Measuring Local Corruption in China: a Cautionary Tale
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The intensification of corruption in China has led to a recent surge of scholarship examining the causes and consequences of corruption within the country. Nevertheless, no consensus exists as to how corruption should be measured at the local level. In this article, I evaluate the internal and external validity of three major groups of measures for local-level corruption in China, namely: perception-based measures, demand-side measures, and supply-side measures. In applying these measures to a model that examines the effect of corruption on local economic growth in China, I show that the results are highly dependent on the choice of the corruption measure. In conclusion, I suggest that future research using local-level corruption as a key variable should at least explore alternative measures to check for the robustness of the findings.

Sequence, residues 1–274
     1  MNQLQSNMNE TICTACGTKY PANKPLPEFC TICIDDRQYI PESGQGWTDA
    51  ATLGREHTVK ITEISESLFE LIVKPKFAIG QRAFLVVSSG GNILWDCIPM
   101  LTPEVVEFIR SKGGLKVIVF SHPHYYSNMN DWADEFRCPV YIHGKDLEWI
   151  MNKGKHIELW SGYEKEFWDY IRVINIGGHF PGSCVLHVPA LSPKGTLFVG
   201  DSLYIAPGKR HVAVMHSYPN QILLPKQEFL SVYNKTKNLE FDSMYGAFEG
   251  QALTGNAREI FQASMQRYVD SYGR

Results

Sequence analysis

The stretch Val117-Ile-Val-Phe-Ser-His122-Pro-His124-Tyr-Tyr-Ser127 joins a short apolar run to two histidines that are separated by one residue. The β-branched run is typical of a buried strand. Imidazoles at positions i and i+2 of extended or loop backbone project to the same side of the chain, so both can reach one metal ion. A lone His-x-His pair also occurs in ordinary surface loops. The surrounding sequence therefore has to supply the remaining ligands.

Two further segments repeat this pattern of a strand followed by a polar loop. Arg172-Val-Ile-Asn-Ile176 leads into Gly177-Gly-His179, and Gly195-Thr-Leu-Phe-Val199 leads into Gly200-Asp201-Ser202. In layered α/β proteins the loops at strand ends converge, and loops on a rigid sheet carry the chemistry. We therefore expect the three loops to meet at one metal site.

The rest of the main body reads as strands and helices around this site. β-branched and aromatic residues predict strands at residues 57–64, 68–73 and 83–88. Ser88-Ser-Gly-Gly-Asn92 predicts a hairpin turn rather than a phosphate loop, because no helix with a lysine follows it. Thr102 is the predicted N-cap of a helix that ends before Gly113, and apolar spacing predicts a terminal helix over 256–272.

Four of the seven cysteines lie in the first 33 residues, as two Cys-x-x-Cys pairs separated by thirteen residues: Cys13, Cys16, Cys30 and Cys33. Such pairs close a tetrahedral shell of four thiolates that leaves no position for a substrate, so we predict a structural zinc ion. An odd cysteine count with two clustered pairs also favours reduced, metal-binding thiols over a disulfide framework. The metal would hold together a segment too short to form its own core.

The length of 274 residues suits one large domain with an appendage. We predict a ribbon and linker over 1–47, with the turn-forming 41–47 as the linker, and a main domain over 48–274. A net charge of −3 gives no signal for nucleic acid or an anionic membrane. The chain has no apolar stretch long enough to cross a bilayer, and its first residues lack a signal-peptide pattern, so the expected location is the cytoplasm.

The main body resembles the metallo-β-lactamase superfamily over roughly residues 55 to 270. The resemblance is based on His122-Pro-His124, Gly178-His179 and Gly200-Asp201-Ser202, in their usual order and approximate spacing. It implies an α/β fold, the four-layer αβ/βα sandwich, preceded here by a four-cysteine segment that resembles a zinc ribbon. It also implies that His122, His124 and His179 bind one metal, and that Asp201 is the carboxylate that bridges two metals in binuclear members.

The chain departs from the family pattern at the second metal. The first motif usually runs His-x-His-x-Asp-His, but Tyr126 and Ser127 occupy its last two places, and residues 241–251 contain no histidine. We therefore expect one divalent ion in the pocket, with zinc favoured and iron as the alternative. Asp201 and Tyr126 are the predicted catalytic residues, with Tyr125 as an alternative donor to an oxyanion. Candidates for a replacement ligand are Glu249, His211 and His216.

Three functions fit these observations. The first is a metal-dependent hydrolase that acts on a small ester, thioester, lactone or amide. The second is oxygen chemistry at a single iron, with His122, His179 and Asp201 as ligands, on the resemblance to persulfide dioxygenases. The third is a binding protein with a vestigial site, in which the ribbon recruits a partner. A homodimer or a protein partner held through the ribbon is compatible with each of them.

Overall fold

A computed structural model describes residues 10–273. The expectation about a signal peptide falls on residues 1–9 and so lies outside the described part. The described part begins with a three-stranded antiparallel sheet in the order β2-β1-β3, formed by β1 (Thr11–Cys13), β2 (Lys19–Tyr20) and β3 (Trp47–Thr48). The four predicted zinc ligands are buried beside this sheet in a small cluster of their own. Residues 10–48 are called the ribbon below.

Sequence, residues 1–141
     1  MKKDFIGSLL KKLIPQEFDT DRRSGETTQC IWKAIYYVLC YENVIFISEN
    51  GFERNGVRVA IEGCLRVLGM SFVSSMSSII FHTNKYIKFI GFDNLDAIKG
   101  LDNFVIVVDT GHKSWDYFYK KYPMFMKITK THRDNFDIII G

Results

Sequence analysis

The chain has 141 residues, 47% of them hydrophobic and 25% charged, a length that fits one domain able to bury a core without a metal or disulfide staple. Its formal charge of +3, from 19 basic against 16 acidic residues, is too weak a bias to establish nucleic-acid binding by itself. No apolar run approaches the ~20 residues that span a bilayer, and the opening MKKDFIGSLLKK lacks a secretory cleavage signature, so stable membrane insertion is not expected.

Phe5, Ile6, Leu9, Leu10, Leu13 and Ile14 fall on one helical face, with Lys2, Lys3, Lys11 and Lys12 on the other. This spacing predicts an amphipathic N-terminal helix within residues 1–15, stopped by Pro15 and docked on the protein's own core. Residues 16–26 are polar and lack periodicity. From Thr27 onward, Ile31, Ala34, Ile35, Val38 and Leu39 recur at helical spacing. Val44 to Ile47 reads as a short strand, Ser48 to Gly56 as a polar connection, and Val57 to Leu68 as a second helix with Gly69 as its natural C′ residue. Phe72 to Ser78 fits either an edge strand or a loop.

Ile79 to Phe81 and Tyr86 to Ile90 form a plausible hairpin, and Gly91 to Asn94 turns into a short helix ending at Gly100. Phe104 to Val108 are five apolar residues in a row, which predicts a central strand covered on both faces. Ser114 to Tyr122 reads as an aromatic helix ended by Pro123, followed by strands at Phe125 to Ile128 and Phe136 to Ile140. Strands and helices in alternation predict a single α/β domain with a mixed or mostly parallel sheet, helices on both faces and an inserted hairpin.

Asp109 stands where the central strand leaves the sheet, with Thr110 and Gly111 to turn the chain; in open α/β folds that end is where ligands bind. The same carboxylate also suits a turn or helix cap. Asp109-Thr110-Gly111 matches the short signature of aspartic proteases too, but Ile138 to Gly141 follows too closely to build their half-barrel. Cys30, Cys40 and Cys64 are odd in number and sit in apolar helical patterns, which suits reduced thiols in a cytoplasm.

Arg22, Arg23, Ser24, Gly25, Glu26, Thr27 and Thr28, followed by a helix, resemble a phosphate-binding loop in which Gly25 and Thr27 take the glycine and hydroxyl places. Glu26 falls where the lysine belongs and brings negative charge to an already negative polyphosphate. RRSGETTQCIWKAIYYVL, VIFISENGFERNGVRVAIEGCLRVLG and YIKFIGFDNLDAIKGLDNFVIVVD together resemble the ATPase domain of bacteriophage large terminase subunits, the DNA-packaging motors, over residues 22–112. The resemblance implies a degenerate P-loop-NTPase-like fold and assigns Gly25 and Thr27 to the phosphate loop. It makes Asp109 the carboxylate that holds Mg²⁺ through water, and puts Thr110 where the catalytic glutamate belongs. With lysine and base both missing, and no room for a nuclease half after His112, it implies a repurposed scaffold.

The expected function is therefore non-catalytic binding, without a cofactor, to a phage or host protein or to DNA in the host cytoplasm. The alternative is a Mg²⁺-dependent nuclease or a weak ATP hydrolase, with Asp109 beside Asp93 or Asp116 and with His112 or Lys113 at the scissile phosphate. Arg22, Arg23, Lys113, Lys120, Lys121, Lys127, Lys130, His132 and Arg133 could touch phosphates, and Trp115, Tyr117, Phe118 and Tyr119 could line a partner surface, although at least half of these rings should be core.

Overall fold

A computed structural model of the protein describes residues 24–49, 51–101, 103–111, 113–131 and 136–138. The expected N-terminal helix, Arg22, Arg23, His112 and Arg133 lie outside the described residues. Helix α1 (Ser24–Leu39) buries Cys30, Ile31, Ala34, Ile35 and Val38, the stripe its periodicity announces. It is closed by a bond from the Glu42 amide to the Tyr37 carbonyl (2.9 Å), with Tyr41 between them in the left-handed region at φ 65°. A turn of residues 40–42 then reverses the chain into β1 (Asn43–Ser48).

KeywordsLocal-Level Corruption Measurement Economic Growth Perception Survey
The author wishes to thank Songying Fang, Haifeng Huang, John Kennedy, Pierre Landry, Kevin O’Brien for helpful comments on earlier drafts.
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